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Introducing C# Classes and Structs

What are classes

By , 6th November 2007 in C#

In this tutorial we will cover the basic concepts of classes; this is an important topic so it will be split into several tutorials to ensure that you understand them.

Classes are a fundamental aspect of object orientated programming, and the topic is a very broad subject which will be covered in these tutorials.

Classes encompass the whole concept of Object Orientated Programming, which can be a confusing subject and difficult to get your head around. If you are not familiar with the concept of Object Orientation, we recommend that you read our Object Orientated Primer first, which discusses the topic as a concept rather than this tutorial which uses a programmatical approach.

We are going to stop using Hello World from now on and instead focus or more real life examples in order to teach classes and object orientated programming.

A C# application is a collection of classes, structures and types.

Firstly, classes and structs are essentially the same, apart from two differences. Classes are a reference type, structs are value types and classes can use inheritance whereas structs cannot. We will cover reference and value types in the next tutorial, and inheritance in a later tutorial.

Microsoft defines a class as "a set of data combined with methods (or functions) that can manipulate that data".

Defining a Class

A class is introduced using the class keyword, followed by the name of the class you are creating. Because a class is a block of code, it requires the use of curly brackets (braces).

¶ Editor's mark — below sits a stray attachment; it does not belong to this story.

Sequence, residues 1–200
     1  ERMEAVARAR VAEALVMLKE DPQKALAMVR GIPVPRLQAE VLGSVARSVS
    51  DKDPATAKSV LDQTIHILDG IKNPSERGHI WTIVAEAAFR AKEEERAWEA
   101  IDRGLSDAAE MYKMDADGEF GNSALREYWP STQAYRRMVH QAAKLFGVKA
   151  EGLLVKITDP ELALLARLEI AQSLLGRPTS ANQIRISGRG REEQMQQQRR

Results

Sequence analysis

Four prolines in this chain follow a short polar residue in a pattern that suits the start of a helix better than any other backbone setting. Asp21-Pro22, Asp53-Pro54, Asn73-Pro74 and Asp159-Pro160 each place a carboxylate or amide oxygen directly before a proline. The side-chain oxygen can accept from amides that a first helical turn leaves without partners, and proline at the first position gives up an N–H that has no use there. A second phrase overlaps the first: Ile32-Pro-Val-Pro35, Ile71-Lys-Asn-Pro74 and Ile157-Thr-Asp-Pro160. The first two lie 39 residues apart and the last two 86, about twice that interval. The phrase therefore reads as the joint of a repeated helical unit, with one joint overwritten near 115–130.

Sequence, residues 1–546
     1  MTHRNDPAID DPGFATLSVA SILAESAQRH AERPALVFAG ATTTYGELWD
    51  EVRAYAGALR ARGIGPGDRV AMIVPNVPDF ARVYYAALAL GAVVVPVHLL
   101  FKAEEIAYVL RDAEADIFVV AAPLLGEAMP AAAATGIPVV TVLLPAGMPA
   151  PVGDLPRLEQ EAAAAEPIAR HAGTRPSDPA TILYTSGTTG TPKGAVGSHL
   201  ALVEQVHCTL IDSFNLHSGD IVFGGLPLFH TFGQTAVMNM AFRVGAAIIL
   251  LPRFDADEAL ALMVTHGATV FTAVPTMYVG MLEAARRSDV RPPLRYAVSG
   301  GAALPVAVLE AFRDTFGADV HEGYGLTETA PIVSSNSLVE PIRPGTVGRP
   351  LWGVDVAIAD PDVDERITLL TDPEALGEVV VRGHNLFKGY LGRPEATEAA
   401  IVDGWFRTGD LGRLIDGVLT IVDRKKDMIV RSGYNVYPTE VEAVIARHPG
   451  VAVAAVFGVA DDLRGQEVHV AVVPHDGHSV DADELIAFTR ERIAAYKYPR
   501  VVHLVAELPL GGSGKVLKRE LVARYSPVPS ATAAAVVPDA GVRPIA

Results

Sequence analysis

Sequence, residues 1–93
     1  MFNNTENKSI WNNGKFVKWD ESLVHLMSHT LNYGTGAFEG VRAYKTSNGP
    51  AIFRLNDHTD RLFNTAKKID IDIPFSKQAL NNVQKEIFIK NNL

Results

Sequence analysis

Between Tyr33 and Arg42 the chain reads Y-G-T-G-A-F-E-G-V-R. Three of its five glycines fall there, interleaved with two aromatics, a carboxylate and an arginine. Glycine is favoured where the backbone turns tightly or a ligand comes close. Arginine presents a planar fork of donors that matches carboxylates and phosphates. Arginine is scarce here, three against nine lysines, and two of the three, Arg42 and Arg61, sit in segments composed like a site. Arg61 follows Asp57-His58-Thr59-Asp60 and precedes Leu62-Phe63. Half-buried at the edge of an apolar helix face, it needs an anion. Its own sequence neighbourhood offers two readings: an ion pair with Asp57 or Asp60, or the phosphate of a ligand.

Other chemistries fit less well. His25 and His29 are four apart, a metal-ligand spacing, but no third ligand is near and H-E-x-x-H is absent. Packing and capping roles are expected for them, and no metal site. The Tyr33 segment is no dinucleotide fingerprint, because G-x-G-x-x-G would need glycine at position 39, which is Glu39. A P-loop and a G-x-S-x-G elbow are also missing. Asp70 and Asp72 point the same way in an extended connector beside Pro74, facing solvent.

Let's use the example in the Object Orientated Primer and create a Car class. I've called the class baseCarClass because we will be using this class as a base for new classes in future tutorials.

  1. class baseCarClass
  2. {
  3. }

In the primer, we identified several fields and methods associated with a car class. We are going to create a baseCarClass, so create a new console project, create a new class and have a go at adding these field and methods to it. You will need to decide what data type would be best suited to that particular field. For any methods, please fill out a dummy method with no parameters and no return type.

Here is one of the values that we identified in the primer:

  • is engine running - Field

Here are a few more that we are going to use in these tutorials. You will need to decide if the item should be a field or a method, and the data type.

  • start engine
  • accelerate
  • brake
  • speed
  • stop engine
  • distance travelled
  • fuel level
  • colour

The compiler is not affected by the order in which you declare fields or methods; however, it greatly improves readability if you declare fields and properties at the start of a class, followed by its methods.

  1. class baseCarClass
  2. {
  3. public bool isEngineRunning;
  4. public decimal speed;
  5. public decimal distanceTraveled;
  6. public decimal fuelLevel;
  7. public Color colour;
  9. public void startEngine()
  10. {
  11. }
  13. void accelerate()
  14. {
  15. }
  17. void brake()
  18. {
  19. }
  21. void stopEngine()
  22. {
  23. }
  24. }

You will notice in this code that I have used a new keyword here, "public" before I declare a variable. This will be covered in more depth when we talk about Access Modifiers and Scope, but for now, public means that any method or class can access this value. You may also notice that I haven't used the static keyword, as I have done previously. This is because static means that the method or property can be accessed without creating an instance of the baseCarClass which we don't want to do, after all, you can't have a car colour without a car can you?

Because we have not used the static keyword when defining the class, we must create an instance of it in order to use it. This is done using the "new" keyword.

In your Main method, create an instance of the baseCarClass:

  1. static void Main()
  2. {